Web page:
Containers are a game changer in software development, the advantages are very well documented in multiple places including the docker site. Creating an application to leverage these advantages though needs some special attention, maybe it’s time that we start thinking about container native applications. I have seen a huge advantage of this approach in one of our SaaS products. The recent vmware blog also mentions this need to re-architect applications for containers.
Cloud native applications are certainly in vogue, in fact as early as 2009 varying workloads on different modules of one of our products forced us to move towards a cloud native architecture, some of these advantages were critical in the product’s acquisition by Autodesk in 2012. Containers further improve some of these advantages, for example.
Scaling: Time to create a new instance is one of the main factors in scaling. While cloud brings down this time to minutes, containers do it in seconds (less than a second in my experience).
Keep the application start time really low. Some of the obvious things that can be attempted to achieve this are doing all non primary tasks like warming up a cache later, using frameworks that have lazy initialization options.
Operational Optimization: Cloud allowed applications to share h/w, containers allow them to share instances. We can now change resource allocations at runtime e.g I start two 4gb services on a 8gb large instance, based on the load I may shrink one to 2gb and grow the other to 6gb, all of this without restarts or changing instance types or creating new instances.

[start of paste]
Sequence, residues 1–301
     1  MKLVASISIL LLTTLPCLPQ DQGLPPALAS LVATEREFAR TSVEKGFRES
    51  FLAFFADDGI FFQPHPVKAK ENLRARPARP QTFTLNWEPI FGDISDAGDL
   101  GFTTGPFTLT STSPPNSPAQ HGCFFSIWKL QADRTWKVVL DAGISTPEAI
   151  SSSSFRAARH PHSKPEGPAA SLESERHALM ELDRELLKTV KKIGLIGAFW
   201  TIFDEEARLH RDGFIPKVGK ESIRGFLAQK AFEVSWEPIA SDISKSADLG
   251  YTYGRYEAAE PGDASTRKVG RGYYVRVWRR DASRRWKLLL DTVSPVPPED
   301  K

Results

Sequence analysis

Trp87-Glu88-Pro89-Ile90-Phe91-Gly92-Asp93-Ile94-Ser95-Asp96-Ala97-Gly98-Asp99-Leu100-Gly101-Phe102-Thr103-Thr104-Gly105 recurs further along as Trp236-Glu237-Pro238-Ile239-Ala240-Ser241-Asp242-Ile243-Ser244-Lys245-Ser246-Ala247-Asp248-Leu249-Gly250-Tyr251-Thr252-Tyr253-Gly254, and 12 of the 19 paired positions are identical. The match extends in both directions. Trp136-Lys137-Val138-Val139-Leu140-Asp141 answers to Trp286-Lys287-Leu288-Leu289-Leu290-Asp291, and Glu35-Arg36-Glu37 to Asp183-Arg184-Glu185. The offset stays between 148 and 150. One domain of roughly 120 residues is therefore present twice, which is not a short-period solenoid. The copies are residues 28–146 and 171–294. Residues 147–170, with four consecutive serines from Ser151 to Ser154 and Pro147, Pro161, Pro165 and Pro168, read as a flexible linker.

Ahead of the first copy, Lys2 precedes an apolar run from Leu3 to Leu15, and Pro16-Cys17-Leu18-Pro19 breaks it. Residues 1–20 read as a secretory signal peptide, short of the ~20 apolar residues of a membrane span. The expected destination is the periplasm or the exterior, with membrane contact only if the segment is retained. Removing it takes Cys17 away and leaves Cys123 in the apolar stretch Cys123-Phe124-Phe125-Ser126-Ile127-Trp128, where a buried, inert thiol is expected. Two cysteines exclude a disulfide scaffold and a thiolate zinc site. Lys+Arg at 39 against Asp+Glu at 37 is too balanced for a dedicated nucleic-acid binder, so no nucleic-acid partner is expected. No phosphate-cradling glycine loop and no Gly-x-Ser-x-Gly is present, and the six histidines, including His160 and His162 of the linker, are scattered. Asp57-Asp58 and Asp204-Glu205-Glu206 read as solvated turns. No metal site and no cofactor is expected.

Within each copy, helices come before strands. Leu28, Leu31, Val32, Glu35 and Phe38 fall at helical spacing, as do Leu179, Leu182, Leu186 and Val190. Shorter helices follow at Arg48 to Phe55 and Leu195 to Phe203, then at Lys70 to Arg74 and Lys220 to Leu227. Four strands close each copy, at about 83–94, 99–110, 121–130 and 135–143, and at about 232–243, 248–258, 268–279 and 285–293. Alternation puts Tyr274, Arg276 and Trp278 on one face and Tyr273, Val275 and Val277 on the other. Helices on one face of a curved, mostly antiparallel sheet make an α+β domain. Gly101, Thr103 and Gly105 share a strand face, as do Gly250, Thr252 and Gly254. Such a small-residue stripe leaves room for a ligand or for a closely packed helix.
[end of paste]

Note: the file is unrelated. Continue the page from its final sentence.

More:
Understand the impact of container resizing (especially memory). For example with java vms, reclaiming memory could be tricky. Using a cache/pool that grows but never shrinks could be an issue. OOM Killer is certainly lurking around when you try shrinking without care.
Deployment: Images and configuration deployment tools simplified cloud deployments greatly, now with containers since we have even better control on images, no golden images are needed and the application can be baked into the image without any second thought.
Keep application configuration information out of the images, leverage your service discovery solution like consul to discover these configurations.
Some other points which need to be considered are :
1. Troubleshooting: Given the distributed nature of the applications, cloud made troubleshooting tough, my personal favorite was this twitter status which compared troubleshooting the monolith migrated to microservice architecture with a murder mystery. With containers this can become even more complicated, so we should think about a solution like ELK from day one.
2. Metrics: Application specific metrics and tools to measure them became important with cloud. With containers as we can take scaling decisions at a much finer level, this has become even more important. Using codahale metrics or similar metrics which is exposed by the application must be considered while designing an application.
3. Container Size: In our experience container size matters, this experience is shared by others, so design with this in mind, especially as the stack used in applications have many common components so shrinking the container size can be very easy in such cases.